In a not very remote country, Fefermania let’s say (here I’m picking up some ideas that emerged talking to Luca Incurvati), most working mathematicians—the topologists, the algebraists, the combinatorialists and the like—carry on in very much the same way as here; it’s just that the mathematicians with ‘foundational’ interests are a pretty austere lot, who are driven to try to make do with as little as they really need (after all, that too is a very recognizable mathematical goal). Mathematicians there still value making the unexpected connections we call ‘deep’, they distinguish important mathematical results from mere ‘brilliancies’, they explore fruitful new concepts, just like us. But when they turn to questions of ‘foundations’ they find it naturally compelling to seek minimal solutions, and look for just enough to suitably unify the rest of their practice, putting a very high premium on e.g. low-cost predicative regimentations. Overall, their mathematical culture keeps free invention remote from applicable maths on a somewhat tighter rein than here, and the old hands dismiss the baroquely extravagant set theories playfully dreamt up by their graduate students as unserious recreational games. Can’t we rather easily imagine that mind-set being the locally default one? And yet their local Second Philosopher, surveying the scene without first-philosophical prejudices, reflecting on the mathematical methods deployed, may surely still see her local mathematical practice as being in intellectual good order by her lights. Why not?

Supposing that story makes sense so far (I’m certainly open to argument here, but I can’t at the moment see what’s wrong with it) let’s imagine that Maddy and the Fefermanian Second Philosopher get to meet and compare notes. Will the latter be very impressed by the former’s efforts to ‘defend the axioms’ and thereby lure her into the wilder reaches of Cantor’s paradise? I really doubt it, at least if Maddy in the end has to rely on her appeal to mathematical depth. For her Fefermanian counterpart will riposte that *her* local mathematicians also value *real* depth (and fruitfulness when that is distinguished from profligacy): it is just that they also strongly value cleaving more tightly to what is really *needed* by way of rounding the mainstream mathematics they share with us. Who is to say which practice is ‘right’ or even the more mathematically compelling?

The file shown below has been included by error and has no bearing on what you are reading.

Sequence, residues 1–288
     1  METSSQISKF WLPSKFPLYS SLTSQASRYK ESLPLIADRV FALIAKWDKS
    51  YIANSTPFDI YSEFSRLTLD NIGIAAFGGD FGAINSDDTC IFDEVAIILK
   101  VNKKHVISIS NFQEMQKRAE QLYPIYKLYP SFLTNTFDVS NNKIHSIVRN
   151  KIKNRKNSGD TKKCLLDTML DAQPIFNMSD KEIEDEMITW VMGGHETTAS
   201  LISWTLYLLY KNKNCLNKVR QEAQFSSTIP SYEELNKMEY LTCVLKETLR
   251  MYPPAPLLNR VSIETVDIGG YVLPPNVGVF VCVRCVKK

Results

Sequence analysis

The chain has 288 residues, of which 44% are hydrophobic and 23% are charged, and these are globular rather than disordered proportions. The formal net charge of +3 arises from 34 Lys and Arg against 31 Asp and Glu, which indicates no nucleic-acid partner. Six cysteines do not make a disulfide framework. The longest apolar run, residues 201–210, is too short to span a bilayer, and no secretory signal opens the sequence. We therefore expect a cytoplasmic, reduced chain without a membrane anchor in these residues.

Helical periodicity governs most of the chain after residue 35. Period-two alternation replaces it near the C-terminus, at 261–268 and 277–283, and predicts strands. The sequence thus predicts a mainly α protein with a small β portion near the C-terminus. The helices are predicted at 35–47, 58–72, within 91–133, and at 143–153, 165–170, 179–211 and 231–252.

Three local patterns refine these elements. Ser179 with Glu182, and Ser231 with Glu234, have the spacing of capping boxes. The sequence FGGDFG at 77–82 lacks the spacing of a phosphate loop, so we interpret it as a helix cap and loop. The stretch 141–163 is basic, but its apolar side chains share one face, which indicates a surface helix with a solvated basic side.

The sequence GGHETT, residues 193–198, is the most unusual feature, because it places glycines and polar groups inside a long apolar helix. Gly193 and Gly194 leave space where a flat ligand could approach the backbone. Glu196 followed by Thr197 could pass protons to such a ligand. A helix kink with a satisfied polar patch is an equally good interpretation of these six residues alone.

Musings such as these lead me to suspect that if there is objectivity to be had in settling on our set-theoretic axioms, it will arguably need to be rooted in something less malleable, less contestable than Maddy’s frankly rather arm-waving appeals to ‘depth’.

Which isn’t to deny that may be some depth to the phenomenon of mathematical depth: all credit to Maddy for inviting philosophers to think hard about its role in our mathematical practice. Still, I suspect she overdoes her confidence about what such reflections might deliver. But dissenting comments are most welcome!

aboI had exactly the same reaction to her discussion – Maddy is not a new kind of realist, but a new kind of formalist. I don’t see much difference using fruitfulness to judge axioms of a theory than to use it to judge rules of a game. The only way Maddy tries to avoid this charge is by claiming that set-theoretic axioms have an important or even indispensable role to core mathematics, since in turn core mathematics can receive a justification by being useful in the sciences and to describe reality. This is done in one sentence, “There’s no doubting the mathematical value of a foundation in this sense [bring all mathematical structures together in a single arena]”, with a footnote referring to one of her previous books. Maybe.